In the regression model specified in Table 5, the adjusted R 2 is 19.2%, that is, about 19.2% of the variability of the beneficiaries’ perceived implications for society is explained by background characteristics and intermediary variables/constructs. The standard error of the estimate or the unexplained variability is 1.56176. Further model significance is through F-test statistic = 13.725, p < .001, referring to the fact that at least one predictor is significantly influencing the dependent variable. Coefficientwise significance is depicted through the t-test values. The predictors that are significantly related to beneficiaries’ perceived implications of IFBOs work/initiatives for society are organization, project/program type, age, place of residence, occupation status, MPCE, nature of services obtained, perceptions on influence of faith on service delivery, and familiarity/orientation to organizational vision/mission.
In the regression model depicted in Table 6, the adjusted R 2 is 19.4%, that is, about 19.4% of the variability of the beneficiaries’ perceived difference of IFBOs social initiatives vis-à-vis other social initiatives is explained by background characteristics and intermediary variables/constructs. The standard error of the estimate or the unexplained variability is 1.14740. Further model significance is through F-test statistic = 13.898, p < .001, referring to the fact that at least one predictor is significantly influencing the dependent variable. Coefficientwise significance is depicted through the t-test values. The predictors that are significantly related to beneficiaries’ perceived difference of IFBOs social initiatives vis-à-vis other social initiatives are project/program type, spoken, nature of services obtained, familiarity/orientation to organizational vision/mission/objectives and familiarity with the teachings of the charismatic guru. However, in all the three regression models, the coefficient of variance for regression is greater than 10%, and hence they are not useful for prediction purposes.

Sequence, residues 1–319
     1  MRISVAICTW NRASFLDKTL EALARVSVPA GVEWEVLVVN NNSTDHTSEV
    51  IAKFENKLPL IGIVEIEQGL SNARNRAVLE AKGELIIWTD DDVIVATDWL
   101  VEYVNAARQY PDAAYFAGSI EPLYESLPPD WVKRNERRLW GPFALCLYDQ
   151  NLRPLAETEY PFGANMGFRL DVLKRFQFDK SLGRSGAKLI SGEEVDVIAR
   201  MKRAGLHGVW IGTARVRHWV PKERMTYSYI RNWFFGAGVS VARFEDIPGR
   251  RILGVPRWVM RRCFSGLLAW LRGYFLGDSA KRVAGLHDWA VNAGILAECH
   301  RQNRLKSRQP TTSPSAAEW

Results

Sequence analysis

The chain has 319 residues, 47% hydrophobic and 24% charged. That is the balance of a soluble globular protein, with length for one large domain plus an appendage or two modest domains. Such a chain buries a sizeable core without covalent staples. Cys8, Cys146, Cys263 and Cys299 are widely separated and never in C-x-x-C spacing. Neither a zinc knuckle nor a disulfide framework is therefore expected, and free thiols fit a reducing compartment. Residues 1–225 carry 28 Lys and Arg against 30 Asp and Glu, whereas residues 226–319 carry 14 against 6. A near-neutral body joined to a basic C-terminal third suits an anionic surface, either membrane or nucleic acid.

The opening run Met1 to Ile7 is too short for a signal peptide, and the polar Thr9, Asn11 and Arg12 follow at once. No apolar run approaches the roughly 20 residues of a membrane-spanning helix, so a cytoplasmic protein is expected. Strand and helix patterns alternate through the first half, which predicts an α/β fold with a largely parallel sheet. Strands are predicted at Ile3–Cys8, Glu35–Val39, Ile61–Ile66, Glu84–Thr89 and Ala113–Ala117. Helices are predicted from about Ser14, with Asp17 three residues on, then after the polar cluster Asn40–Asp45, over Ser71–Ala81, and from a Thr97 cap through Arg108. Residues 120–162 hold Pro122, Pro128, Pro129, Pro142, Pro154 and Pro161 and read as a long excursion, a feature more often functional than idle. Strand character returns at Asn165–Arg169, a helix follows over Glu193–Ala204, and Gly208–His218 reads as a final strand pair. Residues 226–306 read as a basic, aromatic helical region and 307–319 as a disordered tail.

Discussion and Conclusion